Man's release raises question

Suspect later charged in killings freed day before 2nd body found

`There was no red flag'

October 09, 2001|By Sarah Koenig | Sarah Koenig,SUN STAFF

A man suspected of killing three unlicensed cabdrivers in Baltimore within a two-week period in August was released from jail a day before the second victim turned up dead, court records show.

Javes Hall, 20, of the 1500 block of E. Eager St. was charged Aug. 21 with stealing a car. Police knew it belonged to a missing man, but never questioned Hall about him, detectives say. A judge released him without bail to await trial.

The missing man later turned out to be the first homicide victim.

On Aug. 23, a day after Hall's release, Kajali Samateh, 40, was found dead about sunrise in Clifton Park, killed by a shotgun. Five days later, at the same time, in almost the same place, Anthony Rogers, 31, was found dead, also killed by a shotgun.

The decomposed body of the missing man, whose name has not been released, was found Saturday. Investigators believe they know his identity, but are analyzing his dental records to be sure.

Hall has been charged with first-degree murder in the killings of Samateh and Rogers.

Detectives and prosecutors ascribe the killing spree to the most mundane of motives: the desire to ride around in nice cars.

The killer "chose [his victims] based on opportunity and probably on the type of cars," said Detective Martin Young, who has questioned Hall. "All three of them were very nice vehicles."

On Aug. 20, police arrested Hall and two other suspects as they ran from one of those cars, a 1998 Honda Accord that belonged to a man who had been reported missing by his wife since Aug. 14.

The man worked as a hacker - an unlicensed cabdriver. But Hall, a passenger in the Honda, was not questioned by homicide detectives about the missing man, said Col. Robert Stanton. In large part, that was because they knew that the man, whose car was found in a high-drug area, had drug problems, he said. In addition, his wife did not suspect he was dead, Stanton said.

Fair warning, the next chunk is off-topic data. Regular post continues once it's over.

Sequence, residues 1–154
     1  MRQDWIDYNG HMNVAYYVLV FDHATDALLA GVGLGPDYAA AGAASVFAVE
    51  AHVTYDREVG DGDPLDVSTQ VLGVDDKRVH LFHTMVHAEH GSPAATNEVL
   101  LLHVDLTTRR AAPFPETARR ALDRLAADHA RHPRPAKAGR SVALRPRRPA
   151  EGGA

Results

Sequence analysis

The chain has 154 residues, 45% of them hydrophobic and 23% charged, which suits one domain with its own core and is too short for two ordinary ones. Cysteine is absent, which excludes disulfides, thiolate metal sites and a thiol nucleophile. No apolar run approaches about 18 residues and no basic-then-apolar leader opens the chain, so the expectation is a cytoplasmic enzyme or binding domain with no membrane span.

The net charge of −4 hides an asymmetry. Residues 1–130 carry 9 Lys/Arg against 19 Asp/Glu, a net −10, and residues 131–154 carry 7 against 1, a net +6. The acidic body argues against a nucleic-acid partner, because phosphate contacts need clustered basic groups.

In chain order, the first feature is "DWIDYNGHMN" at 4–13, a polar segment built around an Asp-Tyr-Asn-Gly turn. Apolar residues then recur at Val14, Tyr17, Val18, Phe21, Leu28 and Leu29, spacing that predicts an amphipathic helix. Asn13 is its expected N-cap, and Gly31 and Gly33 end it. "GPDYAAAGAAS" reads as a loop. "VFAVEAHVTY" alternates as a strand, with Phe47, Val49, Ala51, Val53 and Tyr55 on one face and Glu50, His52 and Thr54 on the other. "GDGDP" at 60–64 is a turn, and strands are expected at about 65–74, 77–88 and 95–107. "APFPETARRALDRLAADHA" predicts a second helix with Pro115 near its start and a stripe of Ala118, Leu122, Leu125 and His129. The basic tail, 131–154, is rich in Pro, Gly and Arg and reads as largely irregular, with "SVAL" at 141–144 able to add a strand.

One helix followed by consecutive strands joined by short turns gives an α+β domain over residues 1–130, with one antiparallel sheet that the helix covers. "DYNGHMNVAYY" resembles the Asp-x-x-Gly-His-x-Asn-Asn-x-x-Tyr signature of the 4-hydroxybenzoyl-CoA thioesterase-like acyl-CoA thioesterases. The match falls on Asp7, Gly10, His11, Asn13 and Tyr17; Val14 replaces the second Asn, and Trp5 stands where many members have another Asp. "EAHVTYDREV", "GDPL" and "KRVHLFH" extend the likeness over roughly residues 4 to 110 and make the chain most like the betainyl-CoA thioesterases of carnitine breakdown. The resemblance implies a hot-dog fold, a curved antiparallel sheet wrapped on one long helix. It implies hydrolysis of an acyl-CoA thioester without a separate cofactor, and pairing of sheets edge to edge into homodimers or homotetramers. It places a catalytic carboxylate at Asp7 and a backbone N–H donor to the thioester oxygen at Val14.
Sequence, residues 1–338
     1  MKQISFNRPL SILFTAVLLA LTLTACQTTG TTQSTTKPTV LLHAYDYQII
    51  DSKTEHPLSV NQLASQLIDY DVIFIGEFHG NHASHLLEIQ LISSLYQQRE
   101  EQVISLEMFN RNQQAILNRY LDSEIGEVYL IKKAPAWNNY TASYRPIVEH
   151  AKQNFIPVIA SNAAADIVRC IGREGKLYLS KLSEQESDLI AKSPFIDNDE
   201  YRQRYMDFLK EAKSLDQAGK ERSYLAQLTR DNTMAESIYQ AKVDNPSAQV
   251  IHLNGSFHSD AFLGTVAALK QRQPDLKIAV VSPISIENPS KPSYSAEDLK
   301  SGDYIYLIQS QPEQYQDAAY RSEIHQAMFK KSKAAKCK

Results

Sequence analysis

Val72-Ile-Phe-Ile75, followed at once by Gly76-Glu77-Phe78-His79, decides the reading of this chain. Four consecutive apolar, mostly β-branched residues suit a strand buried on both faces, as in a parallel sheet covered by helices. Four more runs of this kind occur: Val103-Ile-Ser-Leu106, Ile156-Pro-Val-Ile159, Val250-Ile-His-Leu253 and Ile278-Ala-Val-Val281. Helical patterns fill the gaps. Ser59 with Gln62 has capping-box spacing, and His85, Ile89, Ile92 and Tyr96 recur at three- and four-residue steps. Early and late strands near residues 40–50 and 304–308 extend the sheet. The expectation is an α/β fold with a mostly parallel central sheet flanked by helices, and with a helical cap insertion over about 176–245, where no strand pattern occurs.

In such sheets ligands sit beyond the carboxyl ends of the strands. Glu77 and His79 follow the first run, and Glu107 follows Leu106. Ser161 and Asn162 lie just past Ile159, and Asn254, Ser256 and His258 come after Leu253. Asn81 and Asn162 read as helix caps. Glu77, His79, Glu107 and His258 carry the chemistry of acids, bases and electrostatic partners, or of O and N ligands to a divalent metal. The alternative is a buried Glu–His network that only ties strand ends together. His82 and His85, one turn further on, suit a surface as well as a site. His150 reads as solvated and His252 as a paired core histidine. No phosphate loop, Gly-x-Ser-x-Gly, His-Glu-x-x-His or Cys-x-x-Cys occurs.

"The keys were there," Stanton said. "There was no damage to the car, no blood in the car. At that point, there was no correlation to make."

Either the same night of his release, or early the next day, Samateh's car, a 2000 Toyota Camry, was hailed and he was killed. Samateh, of the 1900 block of Eutaw Place, was a father of two, an expert soccer player and a Fresh Fields employee.

Rogers, a resident of the 1300 block of Kenton Ave., was killed Aug. 28. Hall was arrested two days later when police caught him riding around in Rogers' Chevrolet Malibu.

Detectives quickly connected Hall to Rogers' killing and to that of Samateh, police said.

Second man also charged

Young said that Jason N. Lewis, 20, of the 3600 block of Garrison Blvd. was named as Samateh's shooter. Both men have been charged with first-degree murder in that case.

On Saturday, police began questioning Hall about the Aug. 14 disappearance of the third hacker, and learned the location of the man's body in a wooded area on the 4600 block of Denview Way, Young said.

Stanton said detectives were continuing the investigation.

Neither detectives nor prosecutors could say what led someone to kill these men. Money does not appear to be a motive, because the cars were not sold and, in at least one case, the victim was found with cash on him, police said.

Although Hall had a criminal history, including arrests for assault and marijuana possession, Stanton said, nothing indicated he was particularly violent. "There was no red flag," he said.

Considering evidence

Deputy State's Attorney Haven H. Kodeck said prosecutors will consider whether the evidence in the cases leads to capital murder charges, which could result in a death sentence.

Police and prosecutors say the cases underscore how dangerous it is to drive or ride in unlicensed cabs. This year, several hackers have been killed, police said.

Sun staff writers Michael Scarcella and Jason Song contributed to this article.

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